(This article is based on a spoken message titled “Overcoming Fear and Worry.”)
“I heard Your voice in the garden, and I was afraid, because I was naked; and I hid myself” (Gen. 3:10).
The first mention of fear in the Bible is in the context of man being afraid of God. I want you to think about that. The very first phobia in recorded history was Theophobia – the fear of God. That’s actually a word – Theophobia. You can look it up in a medical dictionary. It means “a morbid fear of God”.
Man, almost from the very beginning of his existence, has suffered from Theophobia. And I would suggest that virtually every fear we have – not all, but most of them – are connected to this overriding, overwhelming, fear of God. Most fear is based on ignorance. I am afraid of what I don’t know, what I don’t understand. So then, if I don’t know God, and I don’t understand God, and religion feeds me a steady diet of untruths and half-truths about God that plays to my fears, then of course I will be afraid of God. This fear either makes me run away and hide from God, or it makes me try to appease God. For example, maybe I will go to church because I think it makes God happy for me to go to church.
You really need to see that a religious person trying to please God is just as ignorant as a “sinner” trying to hide from God. Neither one of them have a right understanding of God. Everything they do is based on fear. One refuses to go to church because he’s afraid of God. The other goes to church because he’s afraid of God. Isn’t it interesting how fear can drive people to do the exact opposite things!
God does not lead us according to our fears. How easy it is to justify our fears under the pretext that, “This is how we feel led.” Are you really sure about that? Many times we aren’t led by God, we are led by our fears. Take, as an example, someone who has the revelation of Christ, they have a revelation of the Body of Christ, the Church that Jesus is building, but they continue to stay where they are, even though it is all dead to them. What is their reasoning? “Well, I’m afraid. Where will I go? What will I do for fellowship? What will all my friends think?” The pastor finds out about it and says you need to have a spiritual covering, and the wolves like to prey on the isolated sheep, and if you don’t stay in church the devil’s going to get you and God’s going to be unhappy, etc. etc. And then they rationalize it by saying God wants them to stay where they are and “be a light in a dark place” and bloom where they’re planted and all that nonsense. I’m not saying that can’t happen. I’m saying, is it really God who wants you to stay where you are, or are you just giving in to fear?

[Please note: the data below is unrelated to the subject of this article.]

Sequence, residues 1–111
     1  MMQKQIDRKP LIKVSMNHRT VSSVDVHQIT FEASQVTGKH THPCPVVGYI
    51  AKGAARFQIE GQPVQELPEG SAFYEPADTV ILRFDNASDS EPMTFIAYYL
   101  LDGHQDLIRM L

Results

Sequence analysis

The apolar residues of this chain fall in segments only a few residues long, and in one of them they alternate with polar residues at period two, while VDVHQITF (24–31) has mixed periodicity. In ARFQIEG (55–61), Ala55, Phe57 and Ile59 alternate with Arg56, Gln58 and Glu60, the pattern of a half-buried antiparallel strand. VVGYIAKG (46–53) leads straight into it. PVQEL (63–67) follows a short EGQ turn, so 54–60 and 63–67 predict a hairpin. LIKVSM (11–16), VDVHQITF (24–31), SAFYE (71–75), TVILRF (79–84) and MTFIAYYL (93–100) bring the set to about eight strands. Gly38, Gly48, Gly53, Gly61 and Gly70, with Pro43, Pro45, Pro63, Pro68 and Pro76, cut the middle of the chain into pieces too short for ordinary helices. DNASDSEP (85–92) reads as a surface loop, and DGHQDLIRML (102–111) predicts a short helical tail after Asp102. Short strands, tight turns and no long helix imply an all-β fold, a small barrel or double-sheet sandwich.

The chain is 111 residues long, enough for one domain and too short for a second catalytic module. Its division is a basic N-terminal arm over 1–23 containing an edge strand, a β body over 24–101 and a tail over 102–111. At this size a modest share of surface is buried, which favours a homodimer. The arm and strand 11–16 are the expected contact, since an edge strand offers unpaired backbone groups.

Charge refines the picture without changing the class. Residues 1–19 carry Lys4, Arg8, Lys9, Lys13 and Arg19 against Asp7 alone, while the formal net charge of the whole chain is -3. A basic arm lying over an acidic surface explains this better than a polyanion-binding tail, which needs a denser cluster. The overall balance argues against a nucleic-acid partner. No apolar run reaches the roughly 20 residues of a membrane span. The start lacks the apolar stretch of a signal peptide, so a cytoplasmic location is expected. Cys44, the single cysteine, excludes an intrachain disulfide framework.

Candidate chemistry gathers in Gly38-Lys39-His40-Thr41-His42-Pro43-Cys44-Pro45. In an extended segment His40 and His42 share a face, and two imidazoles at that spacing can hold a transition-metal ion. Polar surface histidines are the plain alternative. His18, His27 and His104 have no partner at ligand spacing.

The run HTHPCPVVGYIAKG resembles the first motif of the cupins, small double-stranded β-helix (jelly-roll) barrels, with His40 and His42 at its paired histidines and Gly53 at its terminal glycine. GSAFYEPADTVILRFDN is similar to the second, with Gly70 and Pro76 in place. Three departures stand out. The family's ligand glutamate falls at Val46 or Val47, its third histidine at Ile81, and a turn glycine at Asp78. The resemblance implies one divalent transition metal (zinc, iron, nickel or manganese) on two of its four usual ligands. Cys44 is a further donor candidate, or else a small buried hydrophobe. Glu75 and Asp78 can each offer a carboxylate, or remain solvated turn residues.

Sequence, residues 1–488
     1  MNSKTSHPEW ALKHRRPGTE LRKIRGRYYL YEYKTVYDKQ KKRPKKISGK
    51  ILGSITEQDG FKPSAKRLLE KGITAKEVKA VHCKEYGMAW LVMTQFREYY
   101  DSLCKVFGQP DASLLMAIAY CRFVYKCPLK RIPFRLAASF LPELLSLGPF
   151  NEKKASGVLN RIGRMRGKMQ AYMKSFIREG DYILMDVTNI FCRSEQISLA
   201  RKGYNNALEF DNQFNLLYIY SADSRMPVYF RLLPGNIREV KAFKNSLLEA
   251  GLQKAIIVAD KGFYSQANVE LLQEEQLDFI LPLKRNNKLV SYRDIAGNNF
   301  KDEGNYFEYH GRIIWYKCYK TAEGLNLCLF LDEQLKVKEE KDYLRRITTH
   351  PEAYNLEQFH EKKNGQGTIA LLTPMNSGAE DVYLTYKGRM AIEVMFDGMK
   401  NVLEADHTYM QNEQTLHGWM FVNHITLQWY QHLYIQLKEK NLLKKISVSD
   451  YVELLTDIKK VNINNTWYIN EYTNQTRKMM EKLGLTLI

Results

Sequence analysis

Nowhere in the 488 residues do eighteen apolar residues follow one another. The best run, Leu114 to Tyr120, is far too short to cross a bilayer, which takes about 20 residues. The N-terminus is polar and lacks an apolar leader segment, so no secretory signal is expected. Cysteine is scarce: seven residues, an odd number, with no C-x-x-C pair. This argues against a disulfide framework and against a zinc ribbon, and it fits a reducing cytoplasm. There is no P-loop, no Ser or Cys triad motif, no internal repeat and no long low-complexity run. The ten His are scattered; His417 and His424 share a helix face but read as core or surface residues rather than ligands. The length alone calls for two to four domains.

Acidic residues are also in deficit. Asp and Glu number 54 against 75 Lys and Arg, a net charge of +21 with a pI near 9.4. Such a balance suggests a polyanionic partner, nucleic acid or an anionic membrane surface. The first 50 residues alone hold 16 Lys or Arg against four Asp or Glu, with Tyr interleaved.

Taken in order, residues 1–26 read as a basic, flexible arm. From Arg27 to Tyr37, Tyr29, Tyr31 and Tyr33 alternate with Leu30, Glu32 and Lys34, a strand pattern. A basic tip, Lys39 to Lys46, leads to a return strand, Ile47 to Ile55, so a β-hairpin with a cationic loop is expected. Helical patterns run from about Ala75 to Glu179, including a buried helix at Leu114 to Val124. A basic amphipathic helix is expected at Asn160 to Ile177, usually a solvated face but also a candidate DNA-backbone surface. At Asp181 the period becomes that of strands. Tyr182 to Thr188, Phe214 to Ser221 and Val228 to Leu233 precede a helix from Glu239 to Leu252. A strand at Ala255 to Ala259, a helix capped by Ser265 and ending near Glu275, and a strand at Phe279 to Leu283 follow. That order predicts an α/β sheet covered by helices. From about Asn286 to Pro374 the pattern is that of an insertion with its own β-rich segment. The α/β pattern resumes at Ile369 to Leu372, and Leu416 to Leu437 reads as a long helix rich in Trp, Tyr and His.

God has not given us the spirit of fear. That’s the point – not whether it’s right or wrong to stay or to go, but rather, what is driving you? What’s motivating you? What’s controlling you?
The Bible says that “God is love.” It also says that “Perfect love casts out fear.” God is perfect, and God is perfect love. So love, not fear, should characterize our friendship with God. We are to be motivated by love, not by fear. Let’s take daily devotions for example. A lot of people will pray or read the Bible for a few minutes at the beginning of their day. A lot of people do not, and feel guilty for not doing it. I want you to begin to examine your motivation for doing something. Ask yourself why? Keep going deeper and deeper with this questioning. It isn’t what you do or don’t do, it’s your reason for doing it. It is very easy for a spiritual thing to turn into a religious thing. Then, if we don’t have our morning prayer time, we are irritable and angry the rest of the day. Or, we feel guilty if we don’t do it. Or, we do it, and feel good about doing it, and like to think about how we are more spiritual than those who don’t do it. It’s very easy to slip into something other than love. You begin to pray out of fear of what might happen if you don’t. I would suggest that is the wrong motivation for praying.
Whether you pray, or read the Bible, there is only one motivation. I love God and I want to know Him better. That’s it. I’m not afraid of what might happen if I don’t do something. I’m not trying to earn His approval. I know He loves me the same whether I pray or not. But you see, you come to a more accurate knowing of God, and you’re able to let go of those unreasonable fears about God. Depending on your religious background it could take a long time to undo all that disinformation about God. That’s OK, it’s part of the learning process.
But I believe this is the key to overcoming all fear and worry – getting over our Theophobia, our fear of God. Once you know that God is one your side, once you know He isn’t out to hit your over the head every time you make a mistake, you are well on your way to overcoming the fear of everything else.